Why does Authorea charge for privacy?

What’s the deal about public vs. private articles? You can write public articles for free, but you have to pay to write private articles? That’s like saying you can go to the beach for free, but you have to pay to wear a swimsuit.
True! But after all, they're not giving away swimsuits for free at Macy's :)

We, at Authorea, are a small company with a big vision. We're all recovering researchers (mostly Ph.D.s in physics and computer science) and are on a mission to make research better. We built Authorea because we were annoyed by the slowness and inefficiencies of writing research in collaboration and publishing it, in scholarly journals. We believe that we built a product (you are looking at it) that is both useful (it makes collaborative writing faster, more seamless, and a bit less painful) and also visionary in its nature (we deconstructed LaTeX's old fashioned ways and allowed dynamic, interactive figures and data to be part of scholarly articles). We are one of the few projects that is truly rethinking scholarly writing.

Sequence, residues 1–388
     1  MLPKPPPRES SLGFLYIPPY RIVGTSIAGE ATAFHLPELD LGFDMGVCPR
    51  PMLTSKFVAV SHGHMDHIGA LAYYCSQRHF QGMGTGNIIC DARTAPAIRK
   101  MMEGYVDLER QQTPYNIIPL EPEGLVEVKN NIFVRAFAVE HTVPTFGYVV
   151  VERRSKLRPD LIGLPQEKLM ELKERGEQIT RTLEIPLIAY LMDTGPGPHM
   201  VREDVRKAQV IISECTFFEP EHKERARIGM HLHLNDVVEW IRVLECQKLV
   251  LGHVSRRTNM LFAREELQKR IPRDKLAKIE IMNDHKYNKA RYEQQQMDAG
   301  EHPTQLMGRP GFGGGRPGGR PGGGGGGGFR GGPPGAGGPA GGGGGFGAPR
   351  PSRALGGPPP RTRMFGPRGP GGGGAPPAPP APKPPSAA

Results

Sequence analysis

We also think that if a product is good enough, researchers and universities should be willing to pay for it. The problem is: what do we charge for? Since we are passionate about Open Science, Open Access and Open Data, we figured that we would charge for privacy so that on the one hand, we have a sustainable business (which is important and great!) and on the other, we are encouraging scientists to write in the open (our mission: equally great and important!). That is in a nutshell, why we are charging for privacy, i.e., "why you are paying for the swimsuit".

We have been, from day one, open to suggestions. So I ask you: do you have ideas for alternative business models?

[Someone else is editing this]